The official course book is "Probabilistic robotics" by Thrun, Burgard and Fox, The MIT Press, ISBN 0-262-20162-3 covers most of the material in the course from a robotics points of view. Letcures notes will also be made available. This course is at advanced level so some of the material will be in the form of research publications. The students are assumed able to research for additional material to solve the project assignment.
Examination and completion
If the course is discontinued, students may request to be examined during the following two academic years.
Grading scale *
A, B, C, D, E, FX, F
- PRO1 - Project, 2.0 credits, Grading scale: P, F
- PRO2 - Project, 2.0 credits, Grading scale: P, F
- TEN1 - Examination, 3.5 credits, Grading scale: P, F
Based on recommendation from KTH’s coordinator for disabilities, the examiner will decide how to adapt an examination for students with documented disability.
The examiner may apply another examination format when re-examining individual students.
The basic part of the examination in the course consists of two lab assignments (PRO1), a project (PRO2) and an exam (TEN1). These are credited as,
Each of these will be reported to the system with a P/F grade and passing them means that the student has passed the course. The final grade is then an assessment based on the level above passing on these moments as described below.
The final grade for the course will be an average of the grade on the exam and the implementation project. This project assignment can be completed in groups of two students but each needs to write a separate report and will be assessed separately.
Not opting to do an implementation project (ie. only doing a literature study) thus gives a final grade of half the exam grade.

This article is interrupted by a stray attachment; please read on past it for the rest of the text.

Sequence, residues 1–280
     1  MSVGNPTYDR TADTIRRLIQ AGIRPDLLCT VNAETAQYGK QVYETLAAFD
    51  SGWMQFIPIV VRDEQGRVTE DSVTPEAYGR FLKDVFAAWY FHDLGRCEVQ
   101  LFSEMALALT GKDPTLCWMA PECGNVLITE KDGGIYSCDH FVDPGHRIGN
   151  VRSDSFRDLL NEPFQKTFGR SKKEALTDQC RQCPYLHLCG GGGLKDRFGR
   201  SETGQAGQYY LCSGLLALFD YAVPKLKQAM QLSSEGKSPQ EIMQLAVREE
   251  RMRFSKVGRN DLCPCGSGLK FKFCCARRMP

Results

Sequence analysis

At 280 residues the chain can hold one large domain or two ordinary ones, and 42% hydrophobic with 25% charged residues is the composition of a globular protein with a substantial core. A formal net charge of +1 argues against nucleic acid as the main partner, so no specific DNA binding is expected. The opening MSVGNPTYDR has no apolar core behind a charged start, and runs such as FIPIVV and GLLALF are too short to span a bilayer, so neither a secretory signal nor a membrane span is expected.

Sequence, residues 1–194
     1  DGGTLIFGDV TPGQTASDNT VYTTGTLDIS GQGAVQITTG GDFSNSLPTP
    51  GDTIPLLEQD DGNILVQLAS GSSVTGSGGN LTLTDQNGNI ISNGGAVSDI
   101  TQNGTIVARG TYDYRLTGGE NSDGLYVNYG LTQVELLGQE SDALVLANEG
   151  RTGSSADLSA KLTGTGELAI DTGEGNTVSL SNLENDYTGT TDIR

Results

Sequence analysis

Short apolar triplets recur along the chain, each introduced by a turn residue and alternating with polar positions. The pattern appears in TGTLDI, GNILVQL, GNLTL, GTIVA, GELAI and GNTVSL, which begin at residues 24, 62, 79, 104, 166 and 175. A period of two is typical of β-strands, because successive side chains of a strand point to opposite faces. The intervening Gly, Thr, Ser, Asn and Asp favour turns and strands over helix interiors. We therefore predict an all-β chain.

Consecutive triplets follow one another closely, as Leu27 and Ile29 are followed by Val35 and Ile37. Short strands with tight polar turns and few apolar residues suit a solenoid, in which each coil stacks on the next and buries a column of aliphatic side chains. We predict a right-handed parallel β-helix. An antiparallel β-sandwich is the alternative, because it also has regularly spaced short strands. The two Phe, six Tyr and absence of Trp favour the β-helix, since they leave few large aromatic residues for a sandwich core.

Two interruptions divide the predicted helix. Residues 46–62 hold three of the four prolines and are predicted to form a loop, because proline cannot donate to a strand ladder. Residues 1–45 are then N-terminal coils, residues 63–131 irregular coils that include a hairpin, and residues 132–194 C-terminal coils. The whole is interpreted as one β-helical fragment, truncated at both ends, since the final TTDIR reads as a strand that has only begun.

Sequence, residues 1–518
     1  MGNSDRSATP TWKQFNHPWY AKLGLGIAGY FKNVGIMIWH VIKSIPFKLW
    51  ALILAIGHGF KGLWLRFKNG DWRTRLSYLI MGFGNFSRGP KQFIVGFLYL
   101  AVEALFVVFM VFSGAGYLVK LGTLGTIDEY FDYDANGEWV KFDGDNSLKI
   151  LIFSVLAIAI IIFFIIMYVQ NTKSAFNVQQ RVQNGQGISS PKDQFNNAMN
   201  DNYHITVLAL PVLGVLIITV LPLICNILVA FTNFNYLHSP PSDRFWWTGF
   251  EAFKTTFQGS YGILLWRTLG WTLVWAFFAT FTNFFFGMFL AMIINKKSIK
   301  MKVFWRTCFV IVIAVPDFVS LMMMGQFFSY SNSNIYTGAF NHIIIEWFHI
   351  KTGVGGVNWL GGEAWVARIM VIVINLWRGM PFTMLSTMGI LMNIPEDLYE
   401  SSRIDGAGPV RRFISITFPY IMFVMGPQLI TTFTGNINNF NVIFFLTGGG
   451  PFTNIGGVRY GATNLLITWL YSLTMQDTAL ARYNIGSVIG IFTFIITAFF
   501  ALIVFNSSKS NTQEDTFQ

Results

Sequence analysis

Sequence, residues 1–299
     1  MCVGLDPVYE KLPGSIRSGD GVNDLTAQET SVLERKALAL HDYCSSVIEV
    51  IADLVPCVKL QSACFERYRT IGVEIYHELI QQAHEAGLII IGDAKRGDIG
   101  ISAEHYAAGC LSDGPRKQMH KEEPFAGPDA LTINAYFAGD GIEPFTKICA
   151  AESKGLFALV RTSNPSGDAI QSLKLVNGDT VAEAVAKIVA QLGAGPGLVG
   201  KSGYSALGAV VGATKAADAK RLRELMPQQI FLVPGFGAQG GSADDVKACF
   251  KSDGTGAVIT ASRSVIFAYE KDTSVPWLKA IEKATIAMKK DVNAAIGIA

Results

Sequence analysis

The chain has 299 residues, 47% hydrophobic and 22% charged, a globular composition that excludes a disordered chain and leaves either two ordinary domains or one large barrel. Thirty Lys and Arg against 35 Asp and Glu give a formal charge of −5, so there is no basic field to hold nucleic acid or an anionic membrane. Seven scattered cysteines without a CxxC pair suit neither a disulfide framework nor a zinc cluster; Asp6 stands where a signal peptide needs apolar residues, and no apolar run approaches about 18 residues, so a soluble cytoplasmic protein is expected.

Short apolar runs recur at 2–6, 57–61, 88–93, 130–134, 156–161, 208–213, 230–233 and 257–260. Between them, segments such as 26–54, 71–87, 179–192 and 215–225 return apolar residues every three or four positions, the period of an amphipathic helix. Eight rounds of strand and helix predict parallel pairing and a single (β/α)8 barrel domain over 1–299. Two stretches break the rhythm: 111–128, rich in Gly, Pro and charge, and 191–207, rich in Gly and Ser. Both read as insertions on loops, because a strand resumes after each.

Other requirements for final grade *
To get a passing grade in the course the students need to pass the labs, the mandatory part of the project assignments and the exam.
Opportunity to complete the requirements via supplementary examination
No information inserted
Opportunity to raise an approved grade via renewed examination
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Ethical approach *
- All members of a group are responsible for the group's work.
- In any assessment, every student shall honestly disclose any help received and sources used.
- In an oral assessment, every student shall be able to present and answer questions about the entire assignment and solution.
Further information about the course can be found on the Course web at the link below. Information on the Course web will later be moved to this site.Course web EL2320
Main field of study *
Education cycle *
There is a rich set of courses on related estimation, control, signal processing, systems theory, etc such as EQ2800 Optimal filtering, EQ2300 Digital signal processing, EQ2400 Adaptive signal processing, SF2842 Mathematical Systems Theory, EQ2810 Estimation theory
John Folkesson (email@example.com)
In this course, the EECS code of honor applies, see: